MELODY AMPLIFIERS will not be able to be at this meeting, more details in the nextost.
Melbourne audiophiles were heard crying for joy as the gloomy clouds of winter parted. The gentle glow from the sky began to warm their hearts with anticipation, for this year they are fortunate to experience two Hi-Fi Shows for the year. This month the Australian Hi-Fi and AV Show returns to Melbourne, showcasing at the Rialto Hotel.
Back in July, the Melbourne International Hi-Fi Show was a first for the StereoNet guys. Not only was it their first time in organising a very successful show, it was also a first for Melody Valve Ltd to exhibit all of their new models of amplifiers. If there ever was an award at a Hi-Fi Show for an “Exhibitor who tried the hardest to impress”, then Melody would be the clear winner.
Melody will be demonstrating two systems for the club, from their new range of Everest Amplifiers. The first model is a 75W Class AB amplifier, the Everest 120, which uses a pair of KT150 tubes per channel. This unit will be partnered with a pair of classic Yamaha NS1000 speakers. (Kindly provided by our Editor) The other amplifier is a pure Class A model. The Everest 845 pushes out 28Wpch from, you guessed it, an 845 tube. It is driven with a 300B, all are Western Electric valves. A second set of speakers from “Hi Fi Exchange” will complete this system. A pair of Whatmough 502’s is a particular brand that is very familiar among the Club members.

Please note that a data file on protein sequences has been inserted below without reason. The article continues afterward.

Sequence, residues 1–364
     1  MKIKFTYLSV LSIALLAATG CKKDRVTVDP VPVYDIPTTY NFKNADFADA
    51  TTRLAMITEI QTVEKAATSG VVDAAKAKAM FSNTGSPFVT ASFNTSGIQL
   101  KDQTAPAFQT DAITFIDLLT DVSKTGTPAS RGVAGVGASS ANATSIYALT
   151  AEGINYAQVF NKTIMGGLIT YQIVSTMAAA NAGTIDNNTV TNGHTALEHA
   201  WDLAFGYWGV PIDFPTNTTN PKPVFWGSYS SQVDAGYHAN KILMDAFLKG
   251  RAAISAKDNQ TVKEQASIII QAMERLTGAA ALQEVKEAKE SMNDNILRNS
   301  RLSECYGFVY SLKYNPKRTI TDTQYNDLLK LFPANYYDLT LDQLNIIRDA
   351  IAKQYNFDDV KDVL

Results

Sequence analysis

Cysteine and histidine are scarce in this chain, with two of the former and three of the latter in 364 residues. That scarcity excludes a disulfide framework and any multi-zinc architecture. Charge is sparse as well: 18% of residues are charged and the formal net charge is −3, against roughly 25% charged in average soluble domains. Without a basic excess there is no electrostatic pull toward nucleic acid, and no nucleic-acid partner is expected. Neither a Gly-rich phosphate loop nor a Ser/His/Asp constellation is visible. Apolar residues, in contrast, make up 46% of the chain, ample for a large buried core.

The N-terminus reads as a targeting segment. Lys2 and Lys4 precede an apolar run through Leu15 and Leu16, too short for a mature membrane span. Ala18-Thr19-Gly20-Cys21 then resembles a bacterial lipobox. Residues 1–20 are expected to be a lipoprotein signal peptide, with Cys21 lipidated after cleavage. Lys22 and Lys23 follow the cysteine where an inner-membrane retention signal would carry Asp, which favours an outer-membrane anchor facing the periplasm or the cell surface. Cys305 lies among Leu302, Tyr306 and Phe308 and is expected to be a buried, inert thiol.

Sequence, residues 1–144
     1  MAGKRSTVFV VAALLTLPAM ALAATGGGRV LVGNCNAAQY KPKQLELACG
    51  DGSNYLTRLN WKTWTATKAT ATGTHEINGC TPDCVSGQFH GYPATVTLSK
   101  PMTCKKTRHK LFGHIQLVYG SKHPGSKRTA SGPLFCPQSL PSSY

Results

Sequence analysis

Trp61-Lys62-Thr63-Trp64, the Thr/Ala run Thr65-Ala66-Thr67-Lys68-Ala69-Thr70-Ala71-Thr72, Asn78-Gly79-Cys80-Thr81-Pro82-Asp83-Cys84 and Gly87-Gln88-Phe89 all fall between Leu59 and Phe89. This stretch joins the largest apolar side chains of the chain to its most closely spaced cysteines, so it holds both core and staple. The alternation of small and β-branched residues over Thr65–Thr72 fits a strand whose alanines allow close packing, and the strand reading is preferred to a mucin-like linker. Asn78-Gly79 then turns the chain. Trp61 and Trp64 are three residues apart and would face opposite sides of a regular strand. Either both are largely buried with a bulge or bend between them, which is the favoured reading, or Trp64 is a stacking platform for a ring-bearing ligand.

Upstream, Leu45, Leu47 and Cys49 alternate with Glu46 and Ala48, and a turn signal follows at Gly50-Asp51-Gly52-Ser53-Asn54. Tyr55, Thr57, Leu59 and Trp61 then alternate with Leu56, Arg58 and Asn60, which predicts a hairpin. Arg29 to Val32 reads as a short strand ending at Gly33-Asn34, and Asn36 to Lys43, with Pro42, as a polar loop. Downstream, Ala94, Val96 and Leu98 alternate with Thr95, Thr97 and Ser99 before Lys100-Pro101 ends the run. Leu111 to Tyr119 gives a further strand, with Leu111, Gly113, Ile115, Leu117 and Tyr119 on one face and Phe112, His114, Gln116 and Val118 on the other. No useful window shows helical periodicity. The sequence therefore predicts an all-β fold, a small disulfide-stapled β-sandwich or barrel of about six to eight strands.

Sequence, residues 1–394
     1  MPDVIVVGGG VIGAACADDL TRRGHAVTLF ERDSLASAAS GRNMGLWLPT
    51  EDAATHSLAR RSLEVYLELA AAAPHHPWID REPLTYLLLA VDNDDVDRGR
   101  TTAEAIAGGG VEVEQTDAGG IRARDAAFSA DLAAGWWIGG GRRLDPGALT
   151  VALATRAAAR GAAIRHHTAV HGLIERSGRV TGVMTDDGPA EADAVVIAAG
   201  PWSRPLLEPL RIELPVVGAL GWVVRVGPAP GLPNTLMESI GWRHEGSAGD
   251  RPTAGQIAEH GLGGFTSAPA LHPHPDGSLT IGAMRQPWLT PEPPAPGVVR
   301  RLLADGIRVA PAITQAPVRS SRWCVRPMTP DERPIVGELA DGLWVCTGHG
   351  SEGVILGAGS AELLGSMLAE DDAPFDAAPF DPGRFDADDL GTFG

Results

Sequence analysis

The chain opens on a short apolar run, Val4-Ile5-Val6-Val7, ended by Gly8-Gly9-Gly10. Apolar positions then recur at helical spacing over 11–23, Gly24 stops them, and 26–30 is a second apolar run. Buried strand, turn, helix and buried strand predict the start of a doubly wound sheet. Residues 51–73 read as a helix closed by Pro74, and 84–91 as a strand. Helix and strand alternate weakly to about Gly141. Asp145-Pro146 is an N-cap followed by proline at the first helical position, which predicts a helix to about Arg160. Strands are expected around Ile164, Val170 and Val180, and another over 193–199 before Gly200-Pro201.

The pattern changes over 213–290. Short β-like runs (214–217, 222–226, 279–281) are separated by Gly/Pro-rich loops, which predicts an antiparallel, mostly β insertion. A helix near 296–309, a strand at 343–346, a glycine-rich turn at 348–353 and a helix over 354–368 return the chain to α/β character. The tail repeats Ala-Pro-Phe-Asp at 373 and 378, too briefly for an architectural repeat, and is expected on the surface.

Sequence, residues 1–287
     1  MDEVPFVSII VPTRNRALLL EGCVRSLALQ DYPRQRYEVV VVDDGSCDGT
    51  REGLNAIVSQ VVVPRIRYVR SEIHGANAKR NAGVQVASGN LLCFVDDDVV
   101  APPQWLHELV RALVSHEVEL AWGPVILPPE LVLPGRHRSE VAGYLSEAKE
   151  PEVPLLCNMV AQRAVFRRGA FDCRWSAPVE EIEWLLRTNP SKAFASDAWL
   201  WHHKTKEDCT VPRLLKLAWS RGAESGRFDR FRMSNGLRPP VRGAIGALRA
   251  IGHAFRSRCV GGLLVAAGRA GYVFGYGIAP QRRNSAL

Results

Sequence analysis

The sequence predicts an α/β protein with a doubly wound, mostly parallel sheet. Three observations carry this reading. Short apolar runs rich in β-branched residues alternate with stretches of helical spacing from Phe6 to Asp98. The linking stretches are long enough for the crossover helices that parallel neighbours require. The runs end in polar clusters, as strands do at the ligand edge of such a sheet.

Melody was founded back in 1977 by a group of Chinese based audiophiles now living in Melbourne. With a small number of models, finished in “gun metal grey”, they established their first sales out of Bayswater. Now with their third generation of amplifiers looking more esoteric, they have established themselves in Europe with a stable of eight models. With plans to expand further, this small company has come a long way.
Nick Karayanis – Program Co-ordinator.
To add to Nick’s writeup: There are still members who would remember a club visit to the Melody showroom in Bayswater many years ago. At that time the prices seemed very realistic for the sound and build quality despite some disparaging (rude) comments by some of the visitors. In the years since I have sold a number of Melody amplifiers which not only sounded really good but were 100% reliable. I still regret missing a Melody 2A3 that came into the shop while I was away. Maybe one day…
Melody’s history can be found at http://www.melodyamplifier.com/history-of-melody/